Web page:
Heavy Lifting: A New Mom’s Guide for Avoiding InjurySandra Gordon
Lugging an Infant Car Seat
When I became a parent, nobody told me how hard it would be—especially on my wrists, elbows, back, and neck. All the lifting, bending, and twisting I do countless times a day to get my8-month-old and my 3-year-old in and out of strollers, cribs, car seats, and on and off changing tables is taking a physical toll in the form of creaky knees, achy elbows, and a rebellious back.
“I’m constantly treating moms who are suffering from repetitive-stress injuries (RSIs) that result from the wear and tear of being a parent,” says Peggy Brill, a New York City physical therapist and author of The Core Program: Fifteen Minutes a Day That Can Change Your Life.
RSIs are degenerative disorders caused by chronically using poor posture to perform everyday tasks, such as carrying a baby in an infant car seat on your forearm like a handbag. Such poor body mechanics place too much force on ligaments, muscles, joints, tendons, and spinal discs, and can be harmful when done often. Women are especially prone to RSIs because, unlike men, they naturally lack upper-body strength.
The good news is having correct posture and learning how to lift and carry your child properly can reduce your risk of injury. Take a look at these five body-breaking moves and how to fix them.
Don’t: Lean to the side and carry it on your forearm like a purse. “This position stresses your back, shoulder, and—especially—that arm,” says Mary Ellen Modica, a physical therapist at Schwab STEPS Rehabilitation Clinics in Chicago, Illinois.
“After my youngest child was born, I developed pain in my shoulders that wouldn’t go away,” says Sandy Cummings, a mother of three. “The doctor diagnosed it as bursitis.” The culprit: lugging around a 15-pound car seat with a baby inside.
“Carrying an infant car seat on your arm is equivalent to walking around with three or four full paint cans in one hand—something most people wouldn’t do, but yet, they’ll carry a car seat that way,” says Modica.
Do: Put both hands on the handle, bend your elbows, and carry the car seat in front of you. The less distance between your torso and what you’re carrying, the better for your back. Using both hands also helps distribute the weight evenly.
Lifting Your Baby from the Crib
Don’t: Lock your knees or hold your baby at arms’ length as you pick him up. “This puts extreme pressure on your spinal discs,” says Dr. Nicholas Warren, ergonomics coordinator at the University of Connecticut Health Center in Farmington, Connecticut.
Do: Plant your feet shoulder-width apart, lower the crib railing, and bend your knees. Then bring your baby as close to your body as possible before lifting him.
Carrying a Toddler
Don’t: Balance your child on one hip. This can strain your back and the ligaments on that side of the body. In addition, as your arm presses against your child, your muscles continually contract, reducing blood flow. Over time, this can lead to trauma of the tissues in your arm and shoulder.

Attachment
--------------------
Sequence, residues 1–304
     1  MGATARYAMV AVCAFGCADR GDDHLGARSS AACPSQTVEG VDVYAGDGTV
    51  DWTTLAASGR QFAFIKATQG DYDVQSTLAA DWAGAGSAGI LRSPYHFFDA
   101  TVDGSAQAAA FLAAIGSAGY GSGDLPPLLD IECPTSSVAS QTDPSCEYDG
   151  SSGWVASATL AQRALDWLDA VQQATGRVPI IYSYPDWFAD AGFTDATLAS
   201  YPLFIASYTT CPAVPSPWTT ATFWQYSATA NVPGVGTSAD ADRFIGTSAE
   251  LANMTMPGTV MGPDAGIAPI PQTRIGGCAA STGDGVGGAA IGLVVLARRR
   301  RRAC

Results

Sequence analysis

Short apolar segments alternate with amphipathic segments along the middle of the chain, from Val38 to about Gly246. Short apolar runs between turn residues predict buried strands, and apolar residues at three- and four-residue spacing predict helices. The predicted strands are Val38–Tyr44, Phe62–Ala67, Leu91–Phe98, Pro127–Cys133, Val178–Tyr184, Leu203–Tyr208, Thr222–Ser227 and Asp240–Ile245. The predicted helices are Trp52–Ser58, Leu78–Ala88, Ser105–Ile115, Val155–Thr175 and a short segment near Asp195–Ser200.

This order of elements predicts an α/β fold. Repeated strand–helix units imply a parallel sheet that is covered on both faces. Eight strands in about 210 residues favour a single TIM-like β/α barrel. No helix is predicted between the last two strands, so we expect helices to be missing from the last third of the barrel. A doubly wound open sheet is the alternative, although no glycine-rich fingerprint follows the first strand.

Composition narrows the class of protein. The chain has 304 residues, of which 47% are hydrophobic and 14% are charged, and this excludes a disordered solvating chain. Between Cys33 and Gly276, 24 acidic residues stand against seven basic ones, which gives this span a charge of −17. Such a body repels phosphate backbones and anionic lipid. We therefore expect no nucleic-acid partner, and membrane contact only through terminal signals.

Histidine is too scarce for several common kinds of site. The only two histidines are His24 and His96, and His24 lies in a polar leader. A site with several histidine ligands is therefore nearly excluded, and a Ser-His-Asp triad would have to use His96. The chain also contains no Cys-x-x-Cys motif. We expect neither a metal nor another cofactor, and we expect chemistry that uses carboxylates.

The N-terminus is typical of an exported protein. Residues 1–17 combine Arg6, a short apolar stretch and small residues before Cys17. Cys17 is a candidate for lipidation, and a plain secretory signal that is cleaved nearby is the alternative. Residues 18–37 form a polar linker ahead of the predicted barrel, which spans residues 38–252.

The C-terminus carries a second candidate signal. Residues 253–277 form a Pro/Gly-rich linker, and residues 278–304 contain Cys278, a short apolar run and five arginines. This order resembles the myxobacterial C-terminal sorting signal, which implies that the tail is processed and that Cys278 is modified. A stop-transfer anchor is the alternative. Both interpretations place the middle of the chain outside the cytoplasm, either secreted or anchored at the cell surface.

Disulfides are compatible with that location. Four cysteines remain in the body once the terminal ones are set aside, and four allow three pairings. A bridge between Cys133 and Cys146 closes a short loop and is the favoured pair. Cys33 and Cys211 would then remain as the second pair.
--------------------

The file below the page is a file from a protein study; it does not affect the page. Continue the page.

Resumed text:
Putting Your Child on Your Lap
Don’t: Lean forward while you remain seated. Why? “As you lift, the pressure on your spinal discs multiples to three to ten times the weight of your child,” Modica says. “If you’re tall, for example, lifting a 20-pound toddler from the floor could put as much as 200 pounds of pressure on your back!”
Do: Get down on one knee with the other foot planted in front of you, and hold her as you move back into your seat. Or have your child climb into your lap.
Lifting Your Toddler from a Car Seat
Don’t: Do the twisted car seat lift. Worst-case scenario: With both your feet on the ground, you twist and lean into the car seat with your arms extended, your toddler at the end of them. Lifting your toddler that way can do a number on your knees, lower back, neck, shoulders, elbows, and wrists.
Do: Put one leg into the car and face the car seat as you’re putting your child in it, recommends Traci O’Hara, a physical therapist at Englewood Hospital and Medical Center in Bergen County, New Jersey. You’ll take pressure off your back. If the car seat is in the middle of the back seat, climb in and face the car seat as you lift your child into it.
While positioning yourself properly can take a few extra seconds with a feisty toddler in tow, “it doesn’t have to be perfect all the time,” says Dalton. “But the more often you lift correctly, the better you’re able to tolerate it when you don’t,” she says.
Did you know that strengthening your abdominal, back, pelvic, and hip muscles can reduce your risk of developing a repetitive-stress injury? Brill recommends practicing this simple exercise at least three times a week.
- Lie on your back with your arms straight up toward the ceiling.
- Keeping your back flat against the floor, lift your legs straight up over your pelvis and bend your knees at a 90-degree angle.
- In one slow, smooth motion, bring your left knee toward your chest as you extend your right leg, in a “bicycling” motion.
- Keep alternating legs as you incorporate your arms: When your left leg moves toward your chest, extend your left arm over your head and vice versa.
- Repeat up to a count of 60.